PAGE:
For those of you conducting life skills activities or life skills training with young people or adult facilitators. Here is number 11 out of a series of 15 weekly posts on Monitoring and Evaluating Life Skills. Each of them are extracted from the Toolkit I developed for the Jacobs Foundation with the help of many of their field partners and which you can download for FREE by clicking here. Please find the Lifeskills Toolkit half way down the page under the heading, Intervention and Application. If you wish to have a hard (printed) copy please contact me with a short description of your work and why you would like the hard copy. As always please comment on these posts and let's get a conversation going!
The toolkit sets out 12 steps for planning and implementing your project evaluation. In practice, the steps may not always flow from one to another. There will be some movement backwards and forwards and there may be a need to add to, take away from or change the order of steps. Each evaluation works differently as each evaluation and each project has its own unique purpose. The crucial thing is to plan evaluations which are useful, enjoyable and realistic given the amount of time and resources for the project and the expertise of those involved. Where it is helpful, an example is set out in shaded boxes below the general points for each step. Here is more on steps 8 and 9 .
STEP Eight: Conduct monitoring and evaluation activities
This step is to implement the monitoring and evaluation activities planned using the tools and recording the information you have designed.
Step NINE: ASSEMBLE, CLEAN AND ORGANISE information gathered
This step is about turning information that has been gathered during monitoring and evaluation into DATA in preparation for DATA ANALYSIS. The information will need to be ASSEMBLED, CLEANED and then ORGANISED.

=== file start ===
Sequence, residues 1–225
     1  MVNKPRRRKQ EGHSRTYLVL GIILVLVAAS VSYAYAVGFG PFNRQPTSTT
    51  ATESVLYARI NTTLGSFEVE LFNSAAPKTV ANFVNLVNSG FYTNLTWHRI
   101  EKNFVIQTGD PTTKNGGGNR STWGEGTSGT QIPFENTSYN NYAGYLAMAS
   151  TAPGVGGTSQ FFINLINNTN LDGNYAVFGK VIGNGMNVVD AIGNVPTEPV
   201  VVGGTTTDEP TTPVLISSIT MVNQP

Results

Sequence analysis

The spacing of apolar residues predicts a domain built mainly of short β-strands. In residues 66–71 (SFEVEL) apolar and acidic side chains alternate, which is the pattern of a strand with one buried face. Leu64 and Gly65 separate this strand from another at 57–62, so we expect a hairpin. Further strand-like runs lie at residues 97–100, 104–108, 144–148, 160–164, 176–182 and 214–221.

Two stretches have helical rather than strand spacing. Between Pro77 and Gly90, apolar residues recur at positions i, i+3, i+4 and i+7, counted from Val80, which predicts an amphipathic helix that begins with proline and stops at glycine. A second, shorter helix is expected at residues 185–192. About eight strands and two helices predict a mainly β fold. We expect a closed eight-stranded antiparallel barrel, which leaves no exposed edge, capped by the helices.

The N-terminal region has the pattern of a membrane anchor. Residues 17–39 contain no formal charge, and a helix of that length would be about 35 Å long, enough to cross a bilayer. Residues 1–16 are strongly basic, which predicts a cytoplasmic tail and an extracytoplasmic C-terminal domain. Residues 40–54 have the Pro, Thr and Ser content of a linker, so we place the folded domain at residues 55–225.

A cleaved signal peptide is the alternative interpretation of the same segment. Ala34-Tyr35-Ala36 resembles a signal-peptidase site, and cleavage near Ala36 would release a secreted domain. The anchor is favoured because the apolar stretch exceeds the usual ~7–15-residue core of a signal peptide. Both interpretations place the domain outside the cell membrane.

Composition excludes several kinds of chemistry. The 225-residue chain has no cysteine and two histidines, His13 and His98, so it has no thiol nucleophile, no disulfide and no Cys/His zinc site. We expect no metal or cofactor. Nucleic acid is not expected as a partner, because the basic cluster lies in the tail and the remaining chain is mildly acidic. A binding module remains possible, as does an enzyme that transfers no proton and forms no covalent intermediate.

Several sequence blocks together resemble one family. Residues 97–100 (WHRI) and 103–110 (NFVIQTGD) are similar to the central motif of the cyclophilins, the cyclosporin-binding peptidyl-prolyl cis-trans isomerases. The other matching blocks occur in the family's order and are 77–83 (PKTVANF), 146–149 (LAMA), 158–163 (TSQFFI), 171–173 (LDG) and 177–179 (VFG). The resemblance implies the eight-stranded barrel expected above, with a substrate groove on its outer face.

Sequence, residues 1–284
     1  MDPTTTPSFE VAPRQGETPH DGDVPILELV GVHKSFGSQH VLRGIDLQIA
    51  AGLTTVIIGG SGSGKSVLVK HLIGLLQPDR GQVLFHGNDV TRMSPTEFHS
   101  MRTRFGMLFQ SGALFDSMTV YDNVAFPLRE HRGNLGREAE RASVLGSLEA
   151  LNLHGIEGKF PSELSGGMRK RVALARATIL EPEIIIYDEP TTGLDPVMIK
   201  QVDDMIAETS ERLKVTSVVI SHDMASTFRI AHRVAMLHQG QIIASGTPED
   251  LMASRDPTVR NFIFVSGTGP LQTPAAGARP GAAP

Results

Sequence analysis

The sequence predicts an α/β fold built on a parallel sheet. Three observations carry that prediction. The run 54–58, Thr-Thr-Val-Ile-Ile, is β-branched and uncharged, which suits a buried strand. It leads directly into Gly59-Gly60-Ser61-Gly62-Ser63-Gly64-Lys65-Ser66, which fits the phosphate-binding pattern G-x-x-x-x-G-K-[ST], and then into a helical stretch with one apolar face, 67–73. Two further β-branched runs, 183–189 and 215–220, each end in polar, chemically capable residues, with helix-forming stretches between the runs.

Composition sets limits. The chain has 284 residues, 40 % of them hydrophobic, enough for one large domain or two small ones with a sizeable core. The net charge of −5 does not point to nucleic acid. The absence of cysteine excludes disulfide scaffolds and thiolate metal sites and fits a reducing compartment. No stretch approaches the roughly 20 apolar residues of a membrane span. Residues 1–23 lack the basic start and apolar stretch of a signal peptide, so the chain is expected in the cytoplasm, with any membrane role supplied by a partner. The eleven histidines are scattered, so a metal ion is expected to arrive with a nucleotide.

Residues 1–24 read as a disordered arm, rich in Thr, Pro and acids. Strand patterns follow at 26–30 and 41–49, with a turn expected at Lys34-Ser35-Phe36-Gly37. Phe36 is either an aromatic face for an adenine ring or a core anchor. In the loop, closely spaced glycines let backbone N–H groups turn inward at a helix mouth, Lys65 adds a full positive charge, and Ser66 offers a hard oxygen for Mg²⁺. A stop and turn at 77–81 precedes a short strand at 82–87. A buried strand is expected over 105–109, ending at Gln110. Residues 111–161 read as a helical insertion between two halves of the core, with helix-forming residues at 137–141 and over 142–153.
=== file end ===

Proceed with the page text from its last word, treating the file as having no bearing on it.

ASSEMBLING is about putting all the information from the variety of sources together, from evaluation and monitoring, reading it, looking at it, listening to it and getting an overview of what you have. It is useful to do this with someone else so you can discuss it.
CLEANING information is about removing information or sets of information. For example – maybe a question was not translated correctly or maybe one group being evaluated were asked to do the activity differently to the majority of the groups and the results from this group look ‘wrong’.
ORGANISING information is about reformatting information and/or putting information sets together ready to be compared or counted. The information gathered may test more than one indicator or more than one aspect of this indicator. The information may be recorded in different ways and in different places. There may be:
• Notes on or filled tick boxes on an observation schedule;
• Notes or an audio recording of/notes from a focus group discussion;
• Photos or videos;
• Information from different sections of a questionnaire;
• Information from different questionnaires; or
• Notes taken in an interview.
It may be useful (depending again on your purpose) to organize all the information about one indicator or groups of indicators together in one place. This might be a simple matter of cutting and pasting information, or dividing parts of a questionnaire into two or more places.
If the evaluation is taking place at the beginning or half way through a project and will be repeated, consider if you need to clearly identify data back to particular individuals or groups so that when it is done again, the changes can be noted and verified.
If you need to identify the different bits of information, do this as you organise it. You might use a name or a CODE. CODES are useful if anonymity is useful or important for confidentiality. If you are separating different bits of information, remember to identify them all later so the information can be reassembled and used again.
Do not forget to include relevant information generated by those monitoring the project.
For examples of how to do this download the full version of the toolkit here.